Federal advisory panel recommends flu shot be given to all children
ATLANTA A federal advisory panel said Wednesday that all children up to age 18 should get vaccinated against the flu. The only exception was children under six months and those that have serious egg allergies.
Flu shots have usually been recommended to those that are at the highest risk of detrimental effects from the flu, such as children ages 6 months to 5 years, adults 50 and older, and those that have a weak immune system. This year, however, experts suggest that a way to prevent those at risk from being infected, all children, very effective carriers of the influenza virus, should be inoculated.
According to published reports, the Advisory Committee on Immunization Practices says this year that all children should get vaccinated as soon as possible. Offering flu shots to all children would add about 30 million more children than usual. FluMist, a nasal spray vaccine is also approved for ages 2 to 49, as an alternative to the shot.
The new advisory for flu shots has caused arguments among doctors as to when the vaccines should be available. Some doctors feel that the vaccine should be offered universally, while others are unsure of how every child will get covered with the vaccine.
“We probably will need to have low expectations for coverage in the first few years of implementation” of the ages 5-through-18 recommendation, said Tony Fiore, an epidemiologist with the Centers for Disease Conrol and Prevention.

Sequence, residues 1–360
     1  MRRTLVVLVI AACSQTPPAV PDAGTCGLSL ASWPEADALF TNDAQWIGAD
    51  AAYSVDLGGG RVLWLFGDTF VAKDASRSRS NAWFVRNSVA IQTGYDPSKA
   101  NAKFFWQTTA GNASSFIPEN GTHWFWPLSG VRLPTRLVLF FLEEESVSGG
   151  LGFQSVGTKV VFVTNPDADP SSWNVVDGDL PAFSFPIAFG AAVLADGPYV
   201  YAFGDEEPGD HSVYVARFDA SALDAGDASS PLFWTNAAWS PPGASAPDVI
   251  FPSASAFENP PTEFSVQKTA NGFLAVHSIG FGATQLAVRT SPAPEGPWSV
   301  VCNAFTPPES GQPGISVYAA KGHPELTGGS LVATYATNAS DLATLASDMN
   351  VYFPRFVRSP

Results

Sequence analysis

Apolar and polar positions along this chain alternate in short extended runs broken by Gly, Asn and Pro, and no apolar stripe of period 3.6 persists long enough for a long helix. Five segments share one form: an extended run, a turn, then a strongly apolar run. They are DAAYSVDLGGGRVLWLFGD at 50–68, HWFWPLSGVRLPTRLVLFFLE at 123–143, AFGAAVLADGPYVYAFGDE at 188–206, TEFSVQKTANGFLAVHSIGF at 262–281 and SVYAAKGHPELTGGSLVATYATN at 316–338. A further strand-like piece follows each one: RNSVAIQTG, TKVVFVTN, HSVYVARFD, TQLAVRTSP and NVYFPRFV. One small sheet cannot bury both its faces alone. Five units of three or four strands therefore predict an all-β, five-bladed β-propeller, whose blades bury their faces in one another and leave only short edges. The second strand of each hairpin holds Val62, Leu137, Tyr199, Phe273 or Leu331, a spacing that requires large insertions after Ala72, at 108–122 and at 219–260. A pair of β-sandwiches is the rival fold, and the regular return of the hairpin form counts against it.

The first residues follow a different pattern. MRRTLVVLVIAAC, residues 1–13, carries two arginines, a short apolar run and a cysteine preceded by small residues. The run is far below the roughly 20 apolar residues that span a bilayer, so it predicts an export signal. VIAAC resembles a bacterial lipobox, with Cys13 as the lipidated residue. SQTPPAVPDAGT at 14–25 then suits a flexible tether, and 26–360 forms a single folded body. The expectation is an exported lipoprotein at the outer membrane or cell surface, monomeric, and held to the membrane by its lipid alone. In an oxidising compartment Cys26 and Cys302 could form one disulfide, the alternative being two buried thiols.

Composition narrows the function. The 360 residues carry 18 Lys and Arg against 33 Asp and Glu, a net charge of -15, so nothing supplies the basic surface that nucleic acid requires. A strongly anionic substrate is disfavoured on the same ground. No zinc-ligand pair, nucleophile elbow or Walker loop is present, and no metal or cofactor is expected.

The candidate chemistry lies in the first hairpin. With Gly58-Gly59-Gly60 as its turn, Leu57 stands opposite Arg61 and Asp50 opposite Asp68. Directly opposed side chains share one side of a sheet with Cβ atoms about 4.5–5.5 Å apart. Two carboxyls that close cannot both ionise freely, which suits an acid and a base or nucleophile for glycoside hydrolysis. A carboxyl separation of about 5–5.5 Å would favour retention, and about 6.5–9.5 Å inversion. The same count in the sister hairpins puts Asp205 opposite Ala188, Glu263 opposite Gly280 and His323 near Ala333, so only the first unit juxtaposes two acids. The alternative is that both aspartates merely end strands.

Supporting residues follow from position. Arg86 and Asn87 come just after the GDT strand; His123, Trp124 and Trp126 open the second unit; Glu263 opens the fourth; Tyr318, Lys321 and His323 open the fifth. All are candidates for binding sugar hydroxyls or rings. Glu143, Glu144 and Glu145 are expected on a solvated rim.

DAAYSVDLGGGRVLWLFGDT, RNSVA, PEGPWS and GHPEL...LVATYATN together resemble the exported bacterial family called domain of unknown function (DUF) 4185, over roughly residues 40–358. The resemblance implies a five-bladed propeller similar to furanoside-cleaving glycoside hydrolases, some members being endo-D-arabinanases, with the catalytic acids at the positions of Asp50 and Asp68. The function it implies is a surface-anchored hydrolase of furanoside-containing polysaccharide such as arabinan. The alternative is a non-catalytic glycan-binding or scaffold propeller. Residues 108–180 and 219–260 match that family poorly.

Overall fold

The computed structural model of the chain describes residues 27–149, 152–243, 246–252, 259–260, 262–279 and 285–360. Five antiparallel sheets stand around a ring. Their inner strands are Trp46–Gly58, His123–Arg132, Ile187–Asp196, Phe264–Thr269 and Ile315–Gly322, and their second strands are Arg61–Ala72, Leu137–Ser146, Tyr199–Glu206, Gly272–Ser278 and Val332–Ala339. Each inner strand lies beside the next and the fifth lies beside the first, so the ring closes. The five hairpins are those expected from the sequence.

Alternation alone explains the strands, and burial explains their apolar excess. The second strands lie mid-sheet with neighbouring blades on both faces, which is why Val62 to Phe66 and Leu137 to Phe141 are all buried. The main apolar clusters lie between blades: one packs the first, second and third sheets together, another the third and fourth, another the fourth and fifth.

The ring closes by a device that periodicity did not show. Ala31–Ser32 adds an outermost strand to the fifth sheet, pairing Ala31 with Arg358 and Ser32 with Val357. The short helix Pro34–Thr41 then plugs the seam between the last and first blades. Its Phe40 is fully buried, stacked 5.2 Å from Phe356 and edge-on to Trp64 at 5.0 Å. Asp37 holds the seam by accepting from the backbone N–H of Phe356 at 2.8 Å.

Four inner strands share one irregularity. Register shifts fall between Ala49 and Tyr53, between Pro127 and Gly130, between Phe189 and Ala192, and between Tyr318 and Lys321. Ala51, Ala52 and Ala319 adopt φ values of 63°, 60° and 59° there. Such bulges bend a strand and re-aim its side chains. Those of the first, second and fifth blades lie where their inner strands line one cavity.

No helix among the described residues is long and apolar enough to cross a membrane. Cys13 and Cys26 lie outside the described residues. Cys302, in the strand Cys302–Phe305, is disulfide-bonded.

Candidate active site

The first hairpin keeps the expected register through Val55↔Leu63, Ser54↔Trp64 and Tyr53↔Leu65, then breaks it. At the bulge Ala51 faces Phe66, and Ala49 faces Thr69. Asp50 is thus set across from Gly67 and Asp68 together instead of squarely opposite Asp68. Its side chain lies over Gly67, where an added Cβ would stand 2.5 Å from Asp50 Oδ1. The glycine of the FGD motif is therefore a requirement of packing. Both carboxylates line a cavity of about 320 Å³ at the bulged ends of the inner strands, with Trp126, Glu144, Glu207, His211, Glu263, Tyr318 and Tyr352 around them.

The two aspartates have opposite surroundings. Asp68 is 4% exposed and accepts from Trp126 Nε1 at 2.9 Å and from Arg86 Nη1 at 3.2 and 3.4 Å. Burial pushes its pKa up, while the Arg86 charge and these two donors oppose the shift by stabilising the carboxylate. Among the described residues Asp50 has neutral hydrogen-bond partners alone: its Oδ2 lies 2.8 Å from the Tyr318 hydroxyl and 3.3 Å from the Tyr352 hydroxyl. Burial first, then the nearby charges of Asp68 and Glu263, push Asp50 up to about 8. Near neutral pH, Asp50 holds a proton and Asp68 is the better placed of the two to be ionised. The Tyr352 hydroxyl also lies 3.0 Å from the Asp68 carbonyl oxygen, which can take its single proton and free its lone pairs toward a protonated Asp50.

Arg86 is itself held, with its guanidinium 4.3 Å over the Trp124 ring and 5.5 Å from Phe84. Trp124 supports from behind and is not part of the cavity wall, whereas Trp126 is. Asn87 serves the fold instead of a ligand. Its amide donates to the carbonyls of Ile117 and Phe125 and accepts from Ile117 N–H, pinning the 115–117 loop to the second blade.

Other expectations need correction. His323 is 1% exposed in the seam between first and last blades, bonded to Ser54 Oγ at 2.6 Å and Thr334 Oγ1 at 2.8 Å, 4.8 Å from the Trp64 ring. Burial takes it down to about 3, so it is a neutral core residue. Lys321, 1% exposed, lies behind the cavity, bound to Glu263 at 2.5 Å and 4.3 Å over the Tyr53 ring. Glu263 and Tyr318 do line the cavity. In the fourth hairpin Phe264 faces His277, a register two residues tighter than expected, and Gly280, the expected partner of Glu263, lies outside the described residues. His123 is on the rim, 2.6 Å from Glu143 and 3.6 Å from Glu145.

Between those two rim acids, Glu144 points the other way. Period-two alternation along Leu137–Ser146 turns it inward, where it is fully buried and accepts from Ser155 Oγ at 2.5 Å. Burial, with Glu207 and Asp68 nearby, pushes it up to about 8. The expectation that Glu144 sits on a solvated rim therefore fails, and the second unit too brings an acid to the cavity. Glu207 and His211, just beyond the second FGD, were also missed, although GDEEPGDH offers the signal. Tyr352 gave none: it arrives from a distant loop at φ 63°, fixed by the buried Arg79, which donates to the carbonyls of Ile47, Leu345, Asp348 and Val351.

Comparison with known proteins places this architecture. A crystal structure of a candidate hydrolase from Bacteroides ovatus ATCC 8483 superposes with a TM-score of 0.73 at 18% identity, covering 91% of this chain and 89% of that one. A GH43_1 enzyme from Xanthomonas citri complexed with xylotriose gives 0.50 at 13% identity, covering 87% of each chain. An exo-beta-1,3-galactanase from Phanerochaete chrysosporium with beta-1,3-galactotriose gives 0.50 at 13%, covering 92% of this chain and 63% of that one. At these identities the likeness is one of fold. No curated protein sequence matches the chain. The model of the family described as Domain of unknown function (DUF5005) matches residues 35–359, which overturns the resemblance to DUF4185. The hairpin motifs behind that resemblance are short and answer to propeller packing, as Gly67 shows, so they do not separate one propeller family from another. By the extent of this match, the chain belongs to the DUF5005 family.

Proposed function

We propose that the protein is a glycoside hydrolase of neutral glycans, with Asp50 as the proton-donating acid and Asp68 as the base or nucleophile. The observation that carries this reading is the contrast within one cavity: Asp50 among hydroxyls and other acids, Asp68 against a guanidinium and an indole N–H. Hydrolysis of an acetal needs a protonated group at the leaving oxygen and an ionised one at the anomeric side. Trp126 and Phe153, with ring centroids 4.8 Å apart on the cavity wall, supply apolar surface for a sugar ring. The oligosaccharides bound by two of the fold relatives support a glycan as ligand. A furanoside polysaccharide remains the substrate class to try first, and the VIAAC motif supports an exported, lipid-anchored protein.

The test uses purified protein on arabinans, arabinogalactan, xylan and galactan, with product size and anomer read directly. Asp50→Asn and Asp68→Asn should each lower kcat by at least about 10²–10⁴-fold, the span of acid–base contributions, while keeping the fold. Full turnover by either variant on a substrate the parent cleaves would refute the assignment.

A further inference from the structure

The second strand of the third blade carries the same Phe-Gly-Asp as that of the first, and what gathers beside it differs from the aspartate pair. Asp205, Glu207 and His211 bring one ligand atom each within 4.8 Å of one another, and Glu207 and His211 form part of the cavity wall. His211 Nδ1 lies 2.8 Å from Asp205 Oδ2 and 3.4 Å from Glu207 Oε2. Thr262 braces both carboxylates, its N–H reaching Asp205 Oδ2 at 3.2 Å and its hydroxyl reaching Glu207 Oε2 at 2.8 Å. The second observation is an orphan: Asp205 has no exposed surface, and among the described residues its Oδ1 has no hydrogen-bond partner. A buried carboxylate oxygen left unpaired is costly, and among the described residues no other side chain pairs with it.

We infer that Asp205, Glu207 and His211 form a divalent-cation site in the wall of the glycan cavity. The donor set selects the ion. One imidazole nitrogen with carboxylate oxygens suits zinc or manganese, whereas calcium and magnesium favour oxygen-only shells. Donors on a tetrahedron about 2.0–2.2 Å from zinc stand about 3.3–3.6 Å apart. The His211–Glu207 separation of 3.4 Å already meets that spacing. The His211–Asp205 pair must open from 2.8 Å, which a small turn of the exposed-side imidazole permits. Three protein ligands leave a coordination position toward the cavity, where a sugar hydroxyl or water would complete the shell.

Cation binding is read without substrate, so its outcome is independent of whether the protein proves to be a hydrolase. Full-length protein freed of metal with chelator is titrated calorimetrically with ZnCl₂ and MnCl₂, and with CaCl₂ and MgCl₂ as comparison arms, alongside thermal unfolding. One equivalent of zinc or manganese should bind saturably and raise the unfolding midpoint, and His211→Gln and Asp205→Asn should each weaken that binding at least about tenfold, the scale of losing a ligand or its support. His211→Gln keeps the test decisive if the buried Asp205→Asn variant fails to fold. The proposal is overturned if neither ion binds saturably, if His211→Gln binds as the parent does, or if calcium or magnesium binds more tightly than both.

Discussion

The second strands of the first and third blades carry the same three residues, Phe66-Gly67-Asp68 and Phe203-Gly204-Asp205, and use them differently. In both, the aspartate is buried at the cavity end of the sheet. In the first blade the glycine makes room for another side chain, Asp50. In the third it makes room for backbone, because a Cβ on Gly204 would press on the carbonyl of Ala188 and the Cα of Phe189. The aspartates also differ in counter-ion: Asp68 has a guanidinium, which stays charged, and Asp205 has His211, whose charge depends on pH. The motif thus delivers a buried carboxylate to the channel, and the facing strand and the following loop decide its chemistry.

Senate approves bill to increase spending for American Indian healthcare
WASHINGTON The Senate has approved a bill that would give $35 billion over the next 10 years to the Indian Health Service, which provides tribal health care for 1.8 million American Indians and Alaska Natives on reservations, according to published reports.
The bill would strengthen mental health programs and patient screening for cancer and diabetes, expand disease prevention programs and recruit nurses and doctors to serve American Indian populations. It would also modernize and build health clinics and increase tribal access to Medicare and Medicaid.
The Senate also approved an amendment by Sen. Gordon Smith, R-Ore., that would grant the Indian Health Service the authority to more evenly distribute funding for construction of its health facilities. Right now, funding only goes to about 10 states.
The House is expected to take a look at the bill later this year.
FDA to increase oversight of post-market medications
WASHINGTON The Food and Drug Administration has revealed a new plan called “Safety First”, which is aimed at providing more information on drugs after they hit the market, according to the Wall Street Journal.
The plan involves creating a new database listing possible side effects of drugs, along with clear schedules for following up on questions about them. Also, the FDA plans to make changes to its procedures for making certain regulatory decisions particularly those based on emerging safety worries.
The FDA’s Office of Surveillance and Epidemiology, which focuses on the safety of marketed drugs, will get some new powers. The drug safety office will get primary authority over decisions to approve drug brand names and packaging, though this change will not occur immediately. Eventually, the safety office is supposed to formally get another power as well: the ability to commission certain kinds of research, the epidemiological studies often drawn from patient databases. This could involve requiring drugmakers to do such studies, a power the FDA gained under a new law passed last year, or contracting with outside sources.
The FDA is supposed to implement a second phase to the plan, called “Safe Use,” that will focus on ensuring that drugs are used safely in the real world.